The machine in question turned out to be a large plywood vending cabinet with a black frame and a plastic see-through window showing an interior full of pastel-colored toy eggs. The cabinet body bore a myriad of neon stencils depicting a variety of creepy and disturbing monster faces. These were done in a simple and cartoony style, yet they maintained a grotesquery that instantly earned Jamie’s fascination. There were no mummies, vampires, or werewolves, but instead creations far more twisted and difficult to classify. The oozing and gory masks looked both mutated and misshapen, all covered in grievous wounds and unsettling deformities. Over the top were dripping crimson letters that reads:
The fiendish friends you can grow AT HOME
And below this, in small boogery green letters, it said:
These proclamations were likewise flanked by warty, disjointed faces, some humanoid, others a mishmash of features and appendages. As strange and bizarre as it all was, the cabinet proclaimed the same thing as every vending machine ever made: Buy. Try. Indulge. This is something new.
On the see-through window, in the bottom corner, was a little sticker, a single caveat, that read:
Each figurine comes with specific instructions. PLEASE READ CAREFULLY
Jamie had nothing in his pocket but a bus pass, an empty wallet, and two lonely quarters for a (possible) soda at the McDonald’s across the way. He decided then and there that the soda was irrelevant: he had to know what was in those plastic eggs. He was a long-time lover of gruesome geegaws and macabre memorabilia, a consumer of carrion comforts and ghoulish plastic goodies since a child. When younger, he had spent countless quarters on gumball machines to spring for sticky hands, gooey bugs, creepy-looking paper tattoos, the whole nine yards. Now older and farther along in his obsession, he was a collector of posters and comics that sported bizarre images and horrifying creations: the more chilling, the better.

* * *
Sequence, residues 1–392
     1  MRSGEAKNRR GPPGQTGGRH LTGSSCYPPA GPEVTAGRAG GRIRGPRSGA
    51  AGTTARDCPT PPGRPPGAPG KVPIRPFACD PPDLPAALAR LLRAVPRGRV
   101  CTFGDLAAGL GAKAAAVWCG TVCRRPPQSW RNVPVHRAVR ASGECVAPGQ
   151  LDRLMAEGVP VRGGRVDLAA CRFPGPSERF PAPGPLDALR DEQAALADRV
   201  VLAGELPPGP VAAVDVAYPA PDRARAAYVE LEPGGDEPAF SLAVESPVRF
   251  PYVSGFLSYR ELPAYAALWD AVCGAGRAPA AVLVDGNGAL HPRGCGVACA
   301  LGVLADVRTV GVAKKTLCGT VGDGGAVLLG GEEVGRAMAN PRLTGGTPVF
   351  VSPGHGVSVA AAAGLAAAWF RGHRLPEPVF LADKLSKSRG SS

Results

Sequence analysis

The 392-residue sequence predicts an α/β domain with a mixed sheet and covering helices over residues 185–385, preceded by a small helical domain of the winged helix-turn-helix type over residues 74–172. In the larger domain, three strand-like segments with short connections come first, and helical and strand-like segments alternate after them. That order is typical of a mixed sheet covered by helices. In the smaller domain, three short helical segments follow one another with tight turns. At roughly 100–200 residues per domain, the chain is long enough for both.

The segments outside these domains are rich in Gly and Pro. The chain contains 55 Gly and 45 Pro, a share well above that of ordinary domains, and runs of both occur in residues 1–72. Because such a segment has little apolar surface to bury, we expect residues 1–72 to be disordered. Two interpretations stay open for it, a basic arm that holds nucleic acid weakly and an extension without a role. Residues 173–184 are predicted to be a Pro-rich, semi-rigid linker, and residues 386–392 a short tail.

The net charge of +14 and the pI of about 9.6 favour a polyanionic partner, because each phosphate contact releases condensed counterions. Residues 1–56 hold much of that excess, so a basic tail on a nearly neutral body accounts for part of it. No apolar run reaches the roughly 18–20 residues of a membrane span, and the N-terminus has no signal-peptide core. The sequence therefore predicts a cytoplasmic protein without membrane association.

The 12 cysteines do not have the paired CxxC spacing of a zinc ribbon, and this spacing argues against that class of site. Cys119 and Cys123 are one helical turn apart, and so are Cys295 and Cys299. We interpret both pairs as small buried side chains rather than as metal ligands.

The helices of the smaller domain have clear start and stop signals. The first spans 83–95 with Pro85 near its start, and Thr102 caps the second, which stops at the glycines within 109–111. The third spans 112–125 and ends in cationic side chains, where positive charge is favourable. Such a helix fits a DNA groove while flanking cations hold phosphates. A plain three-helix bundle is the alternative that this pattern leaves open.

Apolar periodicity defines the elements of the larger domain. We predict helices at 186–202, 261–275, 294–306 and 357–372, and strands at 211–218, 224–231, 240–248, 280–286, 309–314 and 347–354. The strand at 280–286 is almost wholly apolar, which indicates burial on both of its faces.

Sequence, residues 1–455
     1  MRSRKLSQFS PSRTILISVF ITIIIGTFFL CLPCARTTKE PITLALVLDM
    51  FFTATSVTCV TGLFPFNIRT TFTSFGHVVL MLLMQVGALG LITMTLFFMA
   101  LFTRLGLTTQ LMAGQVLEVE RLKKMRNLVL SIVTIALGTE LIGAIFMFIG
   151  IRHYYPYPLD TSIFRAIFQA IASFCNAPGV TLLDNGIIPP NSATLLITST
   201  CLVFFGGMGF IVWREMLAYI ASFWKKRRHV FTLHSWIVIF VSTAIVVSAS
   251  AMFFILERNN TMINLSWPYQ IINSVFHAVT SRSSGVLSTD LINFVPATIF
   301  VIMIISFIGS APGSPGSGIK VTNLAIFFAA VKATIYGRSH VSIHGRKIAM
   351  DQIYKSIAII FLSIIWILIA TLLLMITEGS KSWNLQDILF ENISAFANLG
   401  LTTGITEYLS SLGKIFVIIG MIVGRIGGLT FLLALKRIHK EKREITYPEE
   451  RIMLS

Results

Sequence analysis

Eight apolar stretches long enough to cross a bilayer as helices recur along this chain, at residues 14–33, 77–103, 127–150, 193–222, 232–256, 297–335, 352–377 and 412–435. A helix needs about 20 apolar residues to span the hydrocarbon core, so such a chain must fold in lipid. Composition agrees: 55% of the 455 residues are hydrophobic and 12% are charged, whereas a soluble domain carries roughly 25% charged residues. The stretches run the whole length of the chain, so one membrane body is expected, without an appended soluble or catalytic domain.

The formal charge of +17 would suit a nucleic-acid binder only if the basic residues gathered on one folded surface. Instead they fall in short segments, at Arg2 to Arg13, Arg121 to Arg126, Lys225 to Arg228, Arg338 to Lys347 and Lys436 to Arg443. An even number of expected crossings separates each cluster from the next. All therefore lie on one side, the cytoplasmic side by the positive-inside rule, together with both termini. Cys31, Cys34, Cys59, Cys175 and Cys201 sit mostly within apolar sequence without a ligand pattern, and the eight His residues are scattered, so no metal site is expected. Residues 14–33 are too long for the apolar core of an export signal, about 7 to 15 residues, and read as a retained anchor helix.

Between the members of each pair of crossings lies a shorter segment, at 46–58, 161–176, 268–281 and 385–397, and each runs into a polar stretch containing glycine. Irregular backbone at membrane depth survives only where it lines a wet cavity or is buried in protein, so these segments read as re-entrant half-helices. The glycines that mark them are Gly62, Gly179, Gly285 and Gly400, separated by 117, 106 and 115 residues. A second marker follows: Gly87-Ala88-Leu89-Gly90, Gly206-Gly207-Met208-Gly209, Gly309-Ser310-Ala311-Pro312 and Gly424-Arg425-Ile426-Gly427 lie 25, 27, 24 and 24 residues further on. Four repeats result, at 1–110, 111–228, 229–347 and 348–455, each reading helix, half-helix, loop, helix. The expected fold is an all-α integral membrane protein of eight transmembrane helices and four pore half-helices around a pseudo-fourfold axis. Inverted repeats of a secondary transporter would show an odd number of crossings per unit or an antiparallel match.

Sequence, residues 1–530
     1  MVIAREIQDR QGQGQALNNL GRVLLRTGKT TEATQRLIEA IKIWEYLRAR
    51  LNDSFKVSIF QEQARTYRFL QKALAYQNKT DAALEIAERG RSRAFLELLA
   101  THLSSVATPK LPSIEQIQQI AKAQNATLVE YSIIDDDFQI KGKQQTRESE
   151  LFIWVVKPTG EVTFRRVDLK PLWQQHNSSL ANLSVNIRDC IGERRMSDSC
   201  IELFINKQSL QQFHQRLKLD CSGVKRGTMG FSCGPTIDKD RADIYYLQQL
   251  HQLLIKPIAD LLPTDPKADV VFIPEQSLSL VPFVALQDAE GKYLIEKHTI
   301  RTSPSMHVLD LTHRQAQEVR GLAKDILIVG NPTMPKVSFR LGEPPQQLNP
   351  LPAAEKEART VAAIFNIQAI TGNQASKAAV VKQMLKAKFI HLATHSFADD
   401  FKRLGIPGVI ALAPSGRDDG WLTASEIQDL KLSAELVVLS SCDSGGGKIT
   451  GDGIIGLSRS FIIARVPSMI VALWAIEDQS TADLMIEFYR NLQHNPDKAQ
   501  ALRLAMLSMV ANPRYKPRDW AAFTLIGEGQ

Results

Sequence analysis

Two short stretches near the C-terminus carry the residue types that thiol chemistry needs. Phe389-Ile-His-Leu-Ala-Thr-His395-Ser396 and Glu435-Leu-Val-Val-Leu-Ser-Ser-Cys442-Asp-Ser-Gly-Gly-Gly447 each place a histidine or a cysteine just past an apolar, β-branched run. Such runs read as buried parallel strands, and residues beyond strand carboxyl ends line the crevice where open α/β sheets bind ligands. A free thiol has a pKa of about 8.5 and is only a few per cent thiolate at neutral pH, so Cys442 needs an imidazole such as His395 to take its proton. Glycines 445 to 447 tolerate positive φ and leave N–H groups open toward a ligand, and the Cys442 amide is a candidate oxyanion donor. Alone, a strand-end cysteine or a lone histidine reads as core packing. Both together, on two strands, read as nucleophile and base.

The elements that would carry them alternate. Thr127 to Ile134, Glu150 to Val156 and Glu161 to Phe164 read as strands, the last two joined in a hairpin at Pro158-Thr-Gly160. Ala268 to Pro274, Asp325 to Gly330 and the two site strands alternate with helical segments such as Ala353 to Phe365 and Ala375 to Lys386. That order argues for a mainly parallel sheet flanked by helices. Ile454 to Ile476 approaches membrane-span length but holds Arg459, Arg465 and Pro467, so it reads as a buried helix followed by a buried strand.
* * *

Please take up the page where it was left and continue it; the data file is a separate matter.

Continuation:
A curious addict in need of a new fix, his reaction was almost instinctual. He effortlessly popped his change into the rusty coin slot and pushed the grimy VEND button, never mind the old parable about fools and money. The machine’s reaction followed the song-and-dance of corner store showmanship: a bloody red light flickered inside, followed by electronic maniacal cackles that concluded with an egg dropping into the slot at the bottom of the machine. A little extra bang for your buck, courtesy of your local purveyor of deranged doo-dads. Jamie eagerly leaned down and pulled out a purple plastic egg, feeling all the wonder and excitement of a kid on Easter. He popped the egg open and dumped a little monster figurine wrapped in paper onto his palm.
It was love at first sight.
The figurine itself was rendered in smooth plastic and stood about three inches high. Despite its small size and the cheap material that composed it, there was a surprising amount of attention to detail. The figurine depicted a gangly bruiser in a long green overcoat covered in red splotches. There was a huge belt across his chest, from which hung a variety of nasty-looking daggers and knives. In one claw-like hand, he held an enormous butcher-knife that also dripped gobs of red. But the face of the creature was the worst: long and jaundiced with shoulder-length white hair and an enormous forehead veined in streaks of blue. The creature’s lips were pulled back, revealing a mouth full of sharp red teeth twisted in an eternal snarl. The green eyes bugged intensely at the viewer in a look of bloodthirsty insanity.
The piece of paper that the figurine came with declared:
HI!!!! I’m FANG! I’m a great toy, and so are YOU!
1) Put me in water
2) Watch me grow
3) Let’s play!
Jamie laughed: it was just too perfect. He shoved the figurine into his pocket and headed towards the bus stop down the street, knowing that his mother would be expecting him for dinner soon. The figurine made the whole day feel like a victory, and its pressing presence in his pocket was a comfort to him on the bus ride back home. At the very least, it made his hysterical mother’s horrendous cooking and constant questions about his “skate friends” seem bearable.